My wife and I lived for a few years never worrying about paying for cable until we purchased the “Basic” lineup for 12 bucks a month (this was for many reasons, most notably, it gave us a $10 discount on our internet, and where our house was situated, no channels would come in over the broadcast airwaves).
    When we did this; the rogue cable operative, hooked up the standard cable channels (this was through Comcast, and I have my theories as to why he may have done this). We didn’t ask him to, he just did it, commented on my Kevin Smith movie collection and left. We enjoyed about 9 channels of the cable package, and then one day it went off and we only had the basic channels.
    You really don’t miss it after about 2 days. Plus; I really enjoy watching “Corner Gas” on WGN
    For 12 bucks a month we get all local channels (ABC, NBC, CBS, FOX, CW) plus TBS, WGN, ABC Family, the Discovery Channel, CSPAN, and random crap stations that no one watches (EWTN anyone?).
    That’s a pretty decent little lineup and more than you’ll ever really need.

  153. jussathought says:

    My question for the media/distribution companies is: How many commercial-free channels do I get ? The answer is NONE. That mean I’m paying for something that’s already paid for unless the ‘content’ distributors are really stupid. So the basic bundle is mainly the pre-paid channels, maybe with more commercial interruption, that play repeats of previously aired content. I think it also means that ‘content’ creation and distribution is just a circular process for getting subscriber money… the sure sign of non-competitive monopoly.

  154. mandarin says:

    Can I get rid of all that MTV, VH1 crap? Also any channel with reality shows…

  155. Brian Gee says:

    That long list of Discovery tack-ons is insane. It particularly bugs me because while I actually like some of Discovery’s shows, I don’t like how they dilute the content to fill 10 channels.

    For example, on Mythbusters (or really any Discover show), each segment goes something like this:

    – The narrator recaps everything that has happened so far
    – The hosts discuss what they’ve done
    – They do the next step
    – Narrator gives a “coming up next” teaser
    – Go to commercials (most of which are for other shows on one of the bundled networks. To me that suggests that they aren’t able to sell their existing adspace, so why make 4x as much? But I digress).

    After the commercial, the cycle repeats. In the end, the show has maybe 15 minutes of interesting content, but they pad, recap, tease, and repeat it until they fill an hour (OK, 45 minutes not counting commercials). What should be a half hour show is stretched to an hour. They double their amount of programming for free.

    Then spill it over to create a new channel, and force the cable cos to bundle it. Ad infinitem.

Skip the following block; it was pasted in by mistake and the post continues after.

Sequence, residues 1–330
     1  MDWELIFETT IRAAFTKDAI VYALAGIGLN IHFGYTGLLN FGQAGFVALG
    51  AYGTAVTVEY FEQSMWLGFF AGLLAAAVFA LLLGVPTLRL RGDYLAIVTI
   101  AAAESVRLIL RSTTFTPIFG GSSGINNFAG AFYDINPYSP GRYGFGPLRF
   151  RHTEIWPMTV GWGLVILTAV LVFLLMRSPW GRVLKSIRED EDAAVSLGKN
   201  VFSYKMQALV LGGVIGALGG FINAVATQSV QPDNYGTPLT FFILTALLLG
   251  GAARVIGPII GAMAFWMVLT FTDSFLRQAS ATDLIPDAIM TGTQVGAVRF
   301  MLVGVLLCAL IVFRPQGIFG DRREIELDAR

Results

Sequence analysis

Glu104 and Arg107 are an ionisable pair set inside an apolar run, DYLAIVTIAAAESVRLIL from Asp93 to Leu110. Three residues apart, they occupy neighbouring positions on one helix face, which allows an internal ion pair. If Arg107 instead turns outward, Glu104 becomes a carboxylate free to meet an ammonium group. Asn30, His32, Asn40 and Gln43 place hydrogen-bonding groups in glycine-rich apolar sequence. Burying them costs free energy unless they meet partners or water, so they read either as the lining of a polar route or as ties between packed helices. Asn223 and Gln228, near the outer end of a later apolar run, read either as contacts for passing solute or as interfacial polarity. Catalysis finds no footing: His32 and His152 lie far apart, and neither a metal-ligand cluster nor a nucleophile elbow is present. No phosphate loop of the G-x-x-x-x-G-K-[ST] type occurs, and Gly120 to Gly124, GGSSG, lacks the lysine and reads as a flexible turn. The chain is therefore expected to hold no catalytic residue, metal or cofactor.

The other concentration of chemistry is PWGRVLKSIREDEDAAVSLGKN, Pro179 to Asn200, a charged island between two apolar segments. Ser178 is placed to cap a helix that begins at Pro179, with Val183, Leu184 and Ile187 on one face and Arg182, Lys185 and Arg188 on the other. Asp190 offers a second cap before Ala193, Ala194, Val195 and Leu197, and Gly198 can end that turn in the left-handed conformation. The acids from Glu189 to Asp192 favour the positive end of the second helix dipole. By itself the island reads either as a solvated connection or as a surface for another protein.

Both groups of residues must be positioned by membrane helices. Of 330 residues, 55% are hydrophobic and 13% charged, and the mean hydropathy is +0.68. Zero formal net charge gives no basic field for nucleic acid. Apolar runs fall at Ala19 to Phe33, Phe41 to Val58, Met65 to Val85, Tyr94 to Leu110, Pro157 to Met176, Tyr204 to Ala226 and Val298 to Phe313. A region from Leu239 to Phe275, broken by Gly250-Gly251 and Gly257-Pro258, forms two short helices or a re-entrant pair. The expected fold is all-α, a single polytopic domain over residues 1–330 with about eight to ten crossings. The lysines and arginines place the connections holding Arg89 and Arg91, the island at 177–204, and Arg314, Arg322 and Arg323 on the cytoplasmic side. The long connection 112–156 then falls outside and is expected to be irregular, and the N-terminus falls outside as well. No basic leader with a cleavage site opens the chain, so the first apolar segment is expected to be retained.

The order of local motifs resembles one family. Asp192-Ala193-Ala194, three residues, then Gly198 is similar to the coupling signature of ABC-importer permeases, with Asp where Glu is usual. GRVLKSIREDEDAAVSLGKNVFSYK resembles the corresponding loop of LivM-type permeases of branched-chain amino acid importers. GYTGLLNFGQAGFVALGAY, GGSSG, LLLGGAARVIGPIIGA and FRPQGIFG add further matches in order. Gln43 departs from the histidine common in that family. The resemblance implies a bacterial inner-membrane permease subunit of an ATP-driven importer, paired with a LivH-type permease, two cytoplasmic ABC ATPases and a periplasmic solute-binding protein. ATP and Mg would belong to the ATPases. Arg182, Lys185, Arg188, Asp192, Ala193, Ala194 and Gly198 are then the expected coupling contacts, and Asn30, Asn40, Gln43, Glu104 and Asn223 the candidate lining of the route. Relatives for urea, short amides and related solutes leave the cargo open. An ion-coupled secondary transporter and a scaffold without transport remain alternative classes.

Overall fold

Meanwhile shows become watered down versions of themselves, barely worth watching without a DVR to skip over the filler.

    iTunes TV downloads are looking more and more appealing every day.

  156. artki says:

    Ala Carte, baby. I bet there are dozens of channels that would wind up only charging 25 cents a month. Competition WORKS.

  157. Libertariot says:

    Off the topic just a bit, but calling Fox News “Faux News” makes you about as clever and hip as the other thousands of people who say it as well.

  158. Pithlit says:

    @artki: Why would they bother offering a channel for 25 cents a month? They wouldn’t. They would just cancel it and charge more for the rest of the channels. Competition is exactly why it’s 99% crap on network TV and drives us to get cable in the first place. TV shows on network tv are in huge competition with each other, and have to appeal to the broadest audience. Anything remotely innovative or interesting gets beat in the competition because it narrows the appeal. Why would we introduce that same competition to cable TV? We end up with fewer channels and higher cable bills after all that compeition. No thanks.

    Sorry for the repeat posts, but I’m really having a hard time understanding why this idea appeals to people. Do you really think they’ll just let you have whatever channels you want and pay less? These are cable companies we’re talking about. In fact, I bet they love this idea, and it’s the content providers that are keeping them from doing it. This would be a huge boon for them. Offer fewer channels and charge everyone more for them. When people start crying that their favorite channel got shitcanned because not enough people wanted it, they won’t even care.

  159. biggeek says:

    Personally, I would be happy enough if the cable box let me remove the 100 or so shopping, religious, spanish and infomercial channels from the on-line guide so I wouldn’t have to scroll through all of that bullshit in the first place.